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  21. Hank Davis (2001). Too Early for a Neuropsychology of Empathy. Behavioral and Brain Sciences 25 (1):32-33.score: 12.0
    To date, a wide range of interdisciplinary scholarship has done little to clarify either the why or the how of empathy. Preston & de Waal (P&deW) attempt to remedy this, although it remains unclear whether empathy consists of two discrete processes, or whether a perceptual and motor component are joined in some sort of behavioral inevitability. Although it is appealing to offer a neuroanatomy of empathy, the present level of neuropsychology may not support such reductionism.
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  22. Uljana Feest (2010). Concepts as Tools in the Experimental Generation of Knowledge in Cognitive Neuropsychology. Spontaneous Generations 4 (1):173-190.score: 12.0
    This paper asks (a) how new scientific objects of research are onceptualized at a point in time when little is known about them, and (b) how those conceptualizations, in turn, figure in the process of investigating the phenomena in question. Contrasting my approach with existing notions of concepts and situating it in relation to existing discussions about the epistemology of experimentation, I propose to think of concepts as research tools. I elaborate on the conception of a tool that informs my (...)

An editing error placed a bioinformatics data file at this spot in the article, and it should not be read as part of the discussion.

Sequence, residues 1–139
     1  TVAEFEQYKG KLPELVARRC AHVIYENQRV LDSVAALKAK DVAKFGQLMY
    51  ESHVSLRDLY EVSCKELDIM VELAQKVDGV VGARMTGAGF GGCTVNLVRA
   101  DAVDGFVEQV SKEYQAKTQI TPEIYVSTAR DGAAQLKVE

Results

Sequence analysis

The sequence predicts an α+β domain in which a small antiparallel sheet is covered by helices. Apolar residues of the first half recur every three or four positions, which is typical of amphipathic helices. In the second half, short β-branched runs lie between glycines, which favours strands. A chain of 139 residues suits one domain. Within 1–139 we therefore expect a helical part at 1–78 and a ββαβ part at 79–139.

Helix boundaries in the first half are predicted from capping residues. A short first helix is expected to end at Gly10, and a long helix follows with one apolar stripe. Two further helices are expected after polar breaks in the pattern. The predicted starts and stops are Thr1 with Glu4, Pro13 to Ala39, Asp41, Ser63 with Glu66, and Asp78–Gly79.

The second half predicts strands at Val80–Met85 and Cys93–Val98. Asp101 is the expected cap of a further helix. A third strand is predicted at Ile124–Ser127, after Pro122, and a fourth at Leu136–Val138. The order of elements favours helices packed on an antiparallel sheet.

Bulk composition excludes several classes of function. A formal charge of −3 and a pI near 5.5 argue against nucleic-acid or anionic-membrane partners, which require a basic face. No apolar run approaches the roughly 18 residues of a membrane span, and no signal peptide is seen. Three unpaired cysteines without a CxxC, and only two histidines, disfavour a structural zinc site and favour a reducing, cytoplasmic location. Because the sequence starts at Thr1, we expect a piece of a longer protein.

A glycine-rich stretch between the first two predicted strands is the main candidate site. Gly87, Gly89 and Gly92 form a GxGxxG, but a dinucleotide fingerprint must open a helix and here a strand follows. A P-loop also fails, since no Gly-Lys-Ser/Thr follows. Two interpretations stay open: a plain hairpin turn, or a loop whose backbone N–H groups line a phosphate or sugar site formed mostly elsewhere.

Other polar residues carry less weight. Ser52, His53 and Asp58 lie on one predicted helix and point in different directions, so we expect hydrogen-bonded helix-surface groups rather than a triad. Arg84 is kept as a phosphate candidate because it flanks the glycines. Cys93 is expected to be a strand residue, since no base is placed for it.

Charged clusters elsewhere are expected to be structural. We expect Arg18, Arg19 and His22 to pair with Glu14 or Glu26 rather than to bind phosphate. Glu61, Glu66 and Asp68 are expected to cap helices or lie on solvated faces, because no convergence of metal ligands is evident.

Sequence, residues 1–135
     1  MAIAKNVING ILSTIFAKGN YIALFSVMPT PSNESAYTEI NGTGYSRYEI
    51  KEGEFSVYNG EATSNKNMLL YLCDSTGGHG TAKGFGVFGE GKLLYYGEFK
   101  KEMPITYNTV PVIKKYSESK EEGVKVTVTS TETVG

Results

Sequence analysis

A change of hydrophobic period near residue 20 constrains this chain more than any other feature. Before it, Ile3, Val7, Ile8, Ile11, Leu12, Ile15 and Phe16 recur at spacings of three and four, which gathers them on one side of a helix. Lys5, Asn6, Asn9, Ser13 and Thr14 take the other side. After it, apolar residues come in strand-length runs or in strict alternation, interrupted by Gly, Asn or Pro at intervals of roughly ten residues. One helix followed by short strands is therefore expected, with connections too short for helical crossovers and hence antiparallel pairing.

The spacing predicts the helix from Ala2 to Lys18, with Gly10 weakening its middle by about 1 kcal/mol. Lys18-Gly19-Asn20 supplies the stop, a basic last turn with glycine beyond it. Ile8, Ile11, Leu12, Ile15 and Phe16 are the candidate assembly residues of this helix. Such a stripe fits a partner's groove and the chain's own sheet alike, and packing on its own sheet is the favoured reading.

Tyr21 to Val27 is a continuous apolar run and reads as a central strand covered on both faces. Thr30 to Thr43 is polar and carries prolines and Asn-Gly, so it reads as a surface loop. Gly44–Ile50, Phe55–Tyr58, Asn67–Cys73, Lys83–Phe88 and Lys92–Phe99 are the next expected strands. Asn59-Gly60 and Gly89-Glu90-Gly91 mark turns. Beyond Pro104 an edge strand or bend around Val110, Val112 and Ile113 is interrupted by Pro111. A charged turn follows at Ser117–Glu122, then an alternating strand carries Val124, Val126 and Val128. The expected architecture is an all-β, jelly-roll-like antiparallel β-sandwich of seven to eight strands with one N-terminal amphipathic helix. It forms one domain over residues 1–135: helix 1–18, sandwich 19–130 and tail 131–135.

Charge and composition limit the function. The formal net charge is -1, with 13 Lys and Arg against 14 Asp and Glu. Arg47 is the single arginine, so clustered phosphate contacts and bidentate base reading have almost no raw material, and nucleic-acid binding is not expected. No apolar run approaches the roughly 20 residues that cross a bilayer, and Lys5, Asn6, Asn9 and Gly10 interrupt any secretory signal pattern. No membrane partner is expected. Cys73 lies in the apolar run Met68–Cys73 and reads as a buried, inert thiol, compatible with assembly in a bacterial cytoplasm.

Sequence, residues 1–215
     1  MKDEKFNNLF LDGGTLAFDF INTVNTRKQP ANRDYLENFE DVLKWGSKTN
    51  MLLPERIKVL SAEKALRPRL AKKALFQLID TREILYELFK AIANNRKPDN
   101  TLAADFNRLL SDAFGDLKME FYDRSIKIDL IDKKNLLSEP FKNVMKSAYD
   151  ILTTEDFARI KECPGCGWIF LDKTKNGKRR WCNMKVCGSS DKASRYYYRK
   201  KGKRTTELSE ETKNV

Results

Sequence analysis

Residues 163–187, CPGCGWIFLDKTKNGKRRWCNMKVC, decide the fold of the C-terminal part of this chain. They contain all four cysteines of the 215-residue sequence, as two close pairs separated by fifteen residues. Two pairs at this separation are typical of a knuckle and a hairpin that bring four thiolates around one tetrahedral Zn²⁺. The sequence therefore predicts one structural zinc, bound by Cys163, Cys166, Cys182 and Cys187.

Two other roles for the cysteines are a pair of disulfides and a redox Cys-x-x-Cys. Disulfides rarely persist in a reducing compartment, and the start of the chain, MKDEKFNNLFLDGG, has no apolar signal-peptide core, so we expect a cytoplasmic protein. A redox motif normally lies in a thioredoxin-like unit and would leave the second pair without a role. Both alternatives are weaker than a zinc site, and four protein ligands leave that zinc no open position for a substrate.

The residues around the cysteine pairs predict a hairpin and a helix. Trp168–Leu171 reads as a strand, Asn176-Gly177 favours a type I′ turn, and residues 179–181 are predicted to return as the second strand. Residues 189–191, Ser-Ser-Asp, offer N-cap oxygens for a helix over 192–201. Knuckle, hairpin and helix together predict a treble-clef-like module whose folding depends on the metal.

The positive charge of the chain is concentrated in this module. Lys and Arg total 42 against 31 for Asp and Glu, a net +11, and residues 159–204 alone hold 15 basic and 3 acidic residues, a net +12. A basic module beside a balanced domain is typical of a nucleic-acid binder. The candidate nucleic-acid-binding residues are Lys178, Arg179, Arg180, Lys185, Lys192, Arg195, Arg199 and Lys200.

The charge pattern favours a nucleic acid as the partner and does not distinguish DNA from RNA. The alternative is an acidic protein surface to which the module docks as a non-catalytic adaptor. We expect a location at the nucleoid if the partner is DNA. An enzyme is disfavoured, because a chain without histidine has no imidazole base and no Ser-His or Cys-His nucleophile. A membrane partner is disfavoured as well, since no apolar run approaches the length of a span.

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  23. Grant R. Gillett (1990). Neuropsychology and Meaning in Psychiatry. Journal of Medicine and Philosophy 15 (1):21-39.score: 12.0
    The relationship between "causal" and "meaningful" (Jaspers) influences on behavior is explored. The nature of meaning essentially involves rules and the human practices in which they are imparted to a person and have a formative influence on that person's thinking. The meanings that come to be discerned in life experience are then important in influencing the shape of that person's conduct. The reasoning and motivational structures that develop on this basis are realized by the shape of the neural processing networks (...)